About the Flying Bison Brewing Company

Flying Bison Brewing Company, makers of Western New York State’s best-selling craft beer Rusty Chain, is a packaging brewery located in the city of Buffalo. When it opened for business in 2000, it was the first stand-alone brewery to operate in the city proper since 1972.  The brewery was founded by award-winning brewer Tim Herzog. In 2015, the company opened a modern brewery complex in the Larkinville district of Buffalo that features a taproom, patio and behind the scenes brewery tours. In addition to Rusty Chain, Flying Bison’s core brews include 716 IPA and Larkin Lager. Well known seasonal offerings include Aviator Red Irish-style Ale, Buffalo Kölsch 716, Blizzard Bock and ‘Juice Caboose’ New England-style IPA. (


NEW! Daily Flag Retreat Ceremony to Honor Veterans & Active Military

The 179th Erie County Fair will see the inauguration of a daily patriotic tradition that will honor veterans and active military members. Beginning August 8th at 6:30p and continuing each evening during the 12-day run of the Fair, a flag retreat ceremony will be held at Slade Park presented by Made In America stores.


“We are asking fairgoers to pause and reflect on our great nation and to remember the men & women for their service, sacrifice and dedication to protecting our country,” said Jessica Underberg, Erie County Fair CEO. “We feel this is a wonderful way to extend the mission of our Veterans Day committee to span the entire Fair.”


During each 8-10 minute ceremony, participating fairgoers will be asked to join in the Pledge of Allegiance. As a lone bugler sounds retreat, an American flag will be lowered and folded by an honorary color guard from a local VFW, Amvets or Legion post. The flag, which was flown during that day at the Fair, will be presented to a veteran and/or an active member of the military who will be the “Flag Retreat Honoree of the Day.” The Erie County Fair Marching Band will perform the “Star Spangled Banner,” a chorus of “God Bless America” and the “United States Armed Forces Medley.” Made In America Stores will be donating “made in the USA” flags to be used in the daily presentation.


“For Americans, there’s no higher honor than to serve our nation’s military,” said Mark Andol, founder and owner of Made In America Stores. “As Americans, there’s no greater privilege than to say thank you. We are proud to support, what we hope, will be a new tradition at the Fair.”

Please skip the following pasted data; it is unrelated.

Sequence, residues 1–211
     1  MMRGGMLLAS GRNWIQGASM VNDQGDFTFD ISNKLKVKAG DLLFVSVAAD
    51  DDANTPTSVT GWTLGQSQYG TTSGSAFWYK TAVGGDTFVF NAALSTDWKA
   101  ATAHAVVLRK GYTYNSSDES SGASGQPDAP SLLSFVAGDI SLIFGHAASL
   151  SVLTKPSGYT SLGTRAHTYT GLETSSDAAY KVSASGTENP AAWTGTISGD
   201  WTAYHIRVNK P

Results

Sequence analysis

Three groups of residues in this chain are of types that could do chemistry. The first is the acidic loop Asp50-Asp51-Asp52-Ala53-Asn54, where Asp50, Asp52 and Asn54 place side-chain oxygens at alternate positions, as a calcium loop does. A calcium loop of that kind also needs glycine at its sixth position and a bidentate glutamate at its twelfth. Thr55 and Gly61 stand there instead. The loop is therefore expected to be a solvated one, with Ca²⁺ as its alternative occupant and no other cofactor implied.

To nominate a veteran or active member of the military to be named “Flag Retreat Honoree of the Day,” the public is being asked to complete a nomination form available at any Made in America Store location or at the Fair’s Main Office. Those chosen must be available to attend one of the Flag Retreat Ceremonies between August 8th-19th at 6:30p. They will receive a full-sized American flag, (4) fair admission passes, a parking pass, a Strates Shows midway card and $20 in meal tickets. Deadline for name submissions is July 20th.


Weidner’s BBQ Returning to Erie County Fair after 2017 Fire

The Erie County Agricultural Society has announced that Weidner’s BBQ will be returning to the 179th Erie County Fair after a devastating fire destroyed its long-time location on the Fairgrounds last year. One of the Fair’s heritage concessionaires, Weidner’s BBQ, has been an Erie County Fair tradition for 62 years.


During the evening of Saturday, August 19, 2017 a fire destroyed the six decade old home of Weidner’s BBQ which was located behind the Grandstand. Weidner’s new location will be situated on the Avenue of Flags near the Conservation Building. As the Fairgrounds has continued to evolve to accommodate a growing schedule of agricultural shows and events, the Fair took the opportunity to relocate Weidner’s BBQ away from the show barns. The new location will provide a larger, park-like setting for increased dining capacity.


“We are excited to welcome the Gerber Family and Weidner’s BBQ back to the Fair for their 62nd year,” said Jessica Underberg, Fair CEO. “For many, it would not be the same Fair without a chicken dinner from Weidner’s. We wish them continued success as they open their new Fair location in August.”


“We are extremely happy to be coming back to the Fair,” said Weidner’s Ryan Gerber. “Many of our employees only work during the Fair so for me it’s like a friends and family reunion for two weeks.”


In 1956, Eden-based chicken farmer Bert Weidner, his wife and his two brothers Jerry and Fran set up a small stand at the Erie County Fair and began serving BBQ chicken. They slow cooked fresh chicken over an open flame that was basted with their own special recipe BBQ sauce until it was cooked to perfection- tender and juicy on the inside, crispy and golden brown on the outside. The family eventually expanded its menu to include grilled steak and ribs. In the 1990s, Charlie Gerber and his wife, Mary Weidner, took over operations to continue the family tradition.


“The Fair is something, as a family, we look forward to each year,” said Weidner’s owner Charlie Gerber. “I believe our loyal customers think the same.”


In addition to BBQ chicken and ribs, Weidner’s will again be featuring the “1885 Burger” at its new Fair location. The burger celebrates the invention of the “hamburger sandwich” by the Menches Brothers of Ohio at the 1885 Erie County Fair.